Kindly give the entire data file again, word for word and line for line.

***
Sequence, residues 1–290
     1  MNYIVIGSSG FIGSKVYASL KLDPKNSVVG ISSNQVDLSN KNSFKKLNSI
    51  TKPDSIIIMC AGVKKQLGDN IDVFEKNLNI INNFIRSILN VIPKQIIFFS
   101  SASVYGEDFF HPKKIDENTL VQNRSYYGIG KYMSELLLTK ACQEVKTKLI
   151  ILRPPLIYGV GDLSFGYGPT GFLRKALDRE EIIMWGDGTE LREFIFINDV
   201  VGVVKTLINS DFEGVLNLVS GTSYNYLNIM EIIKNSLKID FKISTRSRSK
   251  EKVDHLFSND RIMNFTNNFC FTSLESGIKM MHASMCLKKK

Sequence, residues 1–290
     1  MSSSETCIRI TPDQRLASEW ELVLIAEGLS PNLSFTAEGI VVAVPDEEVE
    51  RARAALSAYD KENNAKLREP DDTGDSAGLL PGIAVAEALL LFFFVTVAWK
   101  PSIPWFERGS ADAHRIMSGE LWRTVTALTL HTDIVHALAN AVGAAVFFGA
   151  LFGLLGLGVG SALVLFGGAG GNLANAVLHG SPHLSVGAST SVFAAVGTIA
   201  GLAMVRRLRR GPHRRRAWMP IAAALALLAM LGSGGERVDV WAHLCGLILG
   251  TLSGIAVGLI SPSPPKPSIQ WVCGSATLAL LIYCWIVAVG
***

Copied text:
Sequence, residues 1–290
     1  MNYIVIGSSG FIGSKVYASL KLDPKNSVVG ISSNQVDLSN KNSFKKLNSI
    51  TKPDSIIIMC AGVKKQLGDN IDVFEKNLNI INNFIRSILN VIPKQIIFFS
   101  SASVYGEDFF HPKKIDENTL VQNRSYYGIG KYMSELLLTK ACQEVKTKLI
   151  ILRPPLIYGV GDLSFGYGPT GFLRKALDRE EIIMWGDGTE LREFIFINDV
   201  VGVVKTLINS DFEGVLNLVS GTSYNYLNIM EIIKNSLKID FKISTRSRSK
   251  EKVDHLFSND RIMNFTNNFC FTSLESGIKM MHASMCLKKK

Sequence, residues 1–290
     1  MSSSETCIRI TPDQRLASEW ELVLIAEGLS PNLSFTAEGI VVAVPDEEVE
    51  RARAALSAYD KENNAKLREP DDTGDSAGLL PGIAVAEALL LFFFVTVAWK
   101  PSIPWFERGS ADAHRIMSGE LWRTVTALTL HTDIVHALAN AVGAAVFFGA
   151  LFGLLGLGVG SALVLFGGAG GNLANAVLHG SPHLSVGAST SVFAAVGTIA
   201  GLAMVRRLRR GPHRRRAWMP IAAALALLAM LGSGGERVDV WAHLCGLILG
   251  TLSGIAVGLI SPSPPKPSIQ WVCGSATLAL LIYCWIVAVG